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Senior Dogs: How To Handle Weight Gain

Senior Dogs: How To Handle Weight Gain

Chase Correll | August 22 2018

Has your pup grown a bit long in the tooth? Weight gain in dogs often coincides with aging, and is often difficult to deal with. If your senior dog has packed on some extra poundage, aging has likely played a considerable role. However old your pup, weight gain in aging dogs is resolvable. This article aims to aid senior dog owners who are worried about their fur baby’s weight gain, and to quell some of those worries with beneficial information.

Watch The Diet

Aging dogs often struggle with weight gain due to their declining activity levels. A poor diet often compounds this decrease in activity, leading to a gain in weight. Weight gain in senior dogs can lead to further health issues, especially joint issues, because the extra load only adds more strain to the dog’s older body.
Poor diet doesn’t necessarily mean your pup isn’t getting the right nutrients, but more so that it may not be eating the right type of food for their age and activity levels. Some common symptoms of weight gain caused by poor diet are dull eyes, dry fur, diarrhea/constipation, low energy levels, and behavioral changes: like random spurts of hyperactivity. Weight gain caused by poor diet is a slow burn: it doesn’t happen overnight. If you notice any of the listed symptoms above, or if your old pup is getting a little chunkier as the days go by, then consider changing its dog food. When changing your pup’s food, look for a food that targets his age and weight range. For example, if your fur baby is 11 and weighs 45 pounds, then an ideal dog food is a dog food for medium weight, senior dogs. These foods are made with older dog’s in mind, and are more suitable for aging dogs with lower activity and metabolism levels.

Overweight Doggy Diseases

Dog’s and humans alike can suffer from thyroid issues that lead to weight gain. The thyroid gland helps manufacture hormones that control metabolism levels. If the thyroid’s manufacturing of these hormones becomes decreased, then weight gain can result. This decrease in thyroid activity is called, “Hypothyroidism.”    
Hypothyroidism occurs most often in middle to older aged dogs and is more common in medium to large breeds. However, any dog of any age or size can have an underactive thyroid.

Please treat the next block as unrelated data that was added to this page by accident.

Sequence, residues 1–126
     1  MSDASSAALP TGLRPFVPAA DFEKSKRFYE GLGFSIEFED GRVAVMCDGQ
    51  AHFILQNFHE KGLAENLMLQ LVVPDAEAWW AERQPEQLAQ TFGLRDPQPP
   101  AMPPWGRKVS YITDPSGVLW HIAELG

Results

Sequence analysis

If your pup appears to have gained some extra weight, look for common symptoms of hypothyroidism: fatigue, muscle and joint stiffness, sensitivity to cold, and constipation. A pup exhibiting any of these symptoms should be taken to its vet for a check up. Only blood tests can officially confirm hypothyroidism. Don’t worry though, medication will reverse an underactive thyroid and your dog’s health will be back to normal in no time.
Another disease contributing to weight gain in our furry friends is Cushing’s Disease. Like Hypothyroidism, this disease affects hormone levels. However with Cushing’s Disease, there is an overabundance of a certain hormone, called cortisol, that leads to weight gain. When too much cortisol is in your pup’s system, your pup goes into fat storing mode. This slows down your senior dog’s metabolism and leads to unnecessary fat storage: leading to weight gain, overall. Monitor your dog’s feeding habits, like increased appetite or increased thirst, and also watch out for loss of muscle, increased urination, “pot belly,” and hair loss. All of these symptoms point to a possible case of Cushing’s Disease. A simple blood test will diagnose this disease, which is treatable with medication.
Elder pups are also more susceptible to diabetes, which can also lead to weight gain. If your pup shows signs of lethargy, increased thirst, and increased urination, then take the ole fella to the vet for a check up.

Other Causes For Weight Gain

While stress can ail dogs of any age, stress eating remains a cause for concern for senior dogs because they lack the proper activity level and metabolism to counteract the increase in calories.
Older dogs often take medication for many reasons. Doggy medications like anti-inflammatories, corticosteroids, or antidepressants can lead to weight gain.
While all dogs are at risk to gain weight as they age, certain breeds of dogs are more prone to weight gain in their twilight years. Labrador Retrievers, Basset Hounds, Rottweilers, Spaniels, Beagles, Saint Bernards, Pugs, Bulldogs, and Dachshunds all have a greater risk of gaining weight as they age.

One Last Thing

One thing you may have noticed is that lethargy, eating habits, and potty habits are fairly common symptoms for weight gain. This may concern you that you won’t be able to figure out your dog’s cause for weight gain; don’t worry though, that’s the vet’s problem to solve. All that’s required of you is to continue to pay close care to your elderly pup’s habits, and take it to the vet for a check up if there are any causes for concern.